Flamenco music styles are called palos in Spanish. There are over 50 different palos flamenco, although some of them are rarely performed. A palo can be defined as musical form of flamenco. Flamenco songs are classified into palos based on several musical and non-musical criteria such as its basic rhythmic pattern, mode, chord progression, form of the stanza, or geographic origin. The rhythmic patterns of the palos are also often called compás. A compás (the Spanish normal word for either time signature or bar) is characterised by a recurring pattern of beats and accents.
To really understand the different palos, it is also important to understand their musical and cultural context:
Some of the forms are sung unaccompanied, while others usually have a guitar and sometimes other accompaniment. Some forms are danced while others traditionally are not. Amongst both the songs and the dances, some are traditionally the reserve of men and others of women, while still others could be performed by either sex. Many of these traditional distinctions are now breaking down; for example, the Farruca is traditionally a man's dance, but is now commonly performed by women too. Many flamenco artists, including some considered to be amongst the greatest, have specialised in a single flamenco form.
The classification of flamenco palos is not entirely uncontentious, but a common traditional classification is into three groups. The deepest, most serious forms are known as cante jondo (or cante grande), while relatively light, frivolous forms are called cante chico. Other non-musical considerations often factor into this classification, such as whether the origin of the palo is considered to be gypsy or not. Forms which do not fit into either category but lie somewhere between them are classified as cante intermedio. However, there is no general agreement on how to classify each palo. Whereas there is general agreement that the soleá, seguiriya and the tonás must be considered cante jondo, there is wide controversy on where to place cantes like the fandango, malagueña, or tientos. Many flamenco fans tend to disregard this classification as highly subjective, or else they considered that, whatever makes a song cante grande is not the song itself but the depth of the interpreter.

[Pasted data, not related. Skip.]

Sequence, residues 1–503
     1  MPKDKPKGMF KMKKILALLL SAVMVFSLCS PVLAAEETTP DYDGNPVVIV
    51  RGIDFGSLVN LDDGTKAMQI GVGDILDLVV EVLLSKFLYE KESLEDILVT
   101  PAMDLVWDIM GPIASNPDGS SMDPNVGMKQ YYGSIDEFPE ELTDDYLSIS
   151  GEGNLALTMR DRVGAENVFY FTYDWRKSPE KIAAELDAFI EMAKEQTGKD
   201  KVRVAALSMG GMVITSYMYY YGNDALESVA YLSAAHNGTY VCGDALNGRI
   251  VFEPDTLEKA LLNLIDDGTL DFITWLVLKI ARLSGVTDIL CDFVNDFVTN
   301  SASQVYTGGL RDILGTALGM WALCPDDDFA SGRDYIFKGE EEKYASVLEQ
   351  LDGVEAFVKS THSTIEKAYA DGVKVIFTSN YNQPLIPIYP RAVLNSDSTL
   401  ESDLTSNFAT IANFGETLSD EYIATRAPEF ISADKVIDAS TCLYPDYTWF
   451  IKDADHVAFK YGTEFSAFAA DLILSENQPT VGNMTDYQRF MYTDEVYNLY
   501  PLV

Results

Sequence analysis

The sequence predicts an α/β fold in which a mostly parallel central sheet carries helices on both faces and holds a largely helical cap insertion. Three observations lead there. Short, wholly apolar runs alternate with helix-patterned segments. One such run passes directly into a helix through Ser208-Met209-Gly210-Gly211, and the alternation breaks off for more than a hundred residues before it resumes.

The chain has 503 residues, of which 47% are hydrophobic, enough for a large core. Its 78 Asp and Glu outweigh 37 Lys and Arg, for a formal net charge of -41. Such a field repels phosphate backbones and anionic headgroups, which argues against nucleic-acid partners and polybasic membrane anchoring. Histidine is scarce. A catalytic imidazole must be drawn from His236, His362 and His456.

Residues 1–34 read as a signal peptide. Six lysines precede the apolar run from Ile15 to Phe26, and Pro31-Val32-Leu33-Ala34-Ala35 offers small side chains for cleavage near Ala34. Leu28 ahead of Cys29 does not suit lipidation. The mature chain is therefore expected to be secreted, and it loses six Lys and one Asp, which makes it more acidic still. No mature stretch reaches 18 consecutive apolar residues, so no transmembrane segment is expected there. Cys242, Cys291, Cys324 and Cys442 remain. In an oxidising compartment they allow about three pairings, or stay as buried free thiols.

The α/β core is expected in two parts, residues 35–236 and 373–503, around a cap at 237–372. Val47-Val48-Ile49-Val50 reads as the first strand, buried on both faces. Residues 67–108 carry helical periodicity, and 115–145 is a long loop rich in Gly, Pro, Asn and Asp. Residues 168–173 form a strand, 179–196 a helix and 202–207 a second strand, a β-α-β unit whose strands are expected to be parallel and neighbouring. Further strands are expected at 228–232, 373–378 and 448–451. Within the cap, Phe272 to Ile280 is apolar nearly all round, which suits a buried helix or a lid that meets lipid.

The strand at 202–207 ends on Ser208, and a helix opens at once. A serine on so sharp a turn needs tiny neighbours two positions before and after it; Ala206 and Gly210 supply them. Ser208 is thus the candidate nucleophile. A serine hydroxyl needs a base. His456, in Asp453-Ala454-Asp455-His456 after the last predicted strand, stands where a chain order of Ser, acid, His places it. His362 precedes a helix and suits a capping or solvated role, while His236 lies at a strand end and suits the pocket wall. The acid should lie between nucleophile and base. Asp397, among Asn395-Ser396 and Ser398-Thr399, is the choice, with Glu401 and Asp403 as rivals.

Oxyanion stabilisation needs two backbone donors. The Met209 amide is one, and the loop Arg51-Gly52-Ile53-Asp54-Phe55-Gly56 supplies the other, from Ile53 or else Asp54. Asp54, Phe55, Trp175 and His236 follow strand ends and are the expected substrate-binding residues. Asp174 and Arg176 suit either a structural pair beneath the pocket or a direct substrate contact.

The classification below reflects another traditional classification of cantes more based on rhythmic pattern, but also taking the origin into account.
The professional concert is more formal and organized. The traditional singing performance has only a singer and one guitar, while a dancing performance usually included two or three guitars, one or more singers (singing in turns, as in traditional flamenco singers always sing solo), and one or more dancers. A guitar concert used to include a single guitarist, with no other support, though this is now extremely rare. The so-called New flamenco has included other instruments, like the now ubiquitous cajón, flutes or saxophones, piano or other keyboards, or even the bass guitar and the electric guitar. Camarón de la Isla was one artist who popularized this style.
A great number of flamenco artists are not capable of performing in both settings at the same level. There are still many artists, and some of them with a good level, who only perform in juergas, or at most in private parties with a small audience. As to their training in the art, traditional flamenco artists never received any formal training: they learnt in the context of the family, by listening and watching their relations, friends and neighbours. Since the appearance of recordings, though, they have relied more and more on audiovisual materials to learn from other famous artists. Nowadays, dancers and guitarists (and sometimes even singers) take lessons in schools or in short courses organized by famous performers. Some guitarists can even read music or learn from teachers in others styles like classical guitar or jazz, and many dancers take courses in contemporary dance or Classical Spanish ballet.
An overview of the various flamenco artists can be found in the following categories: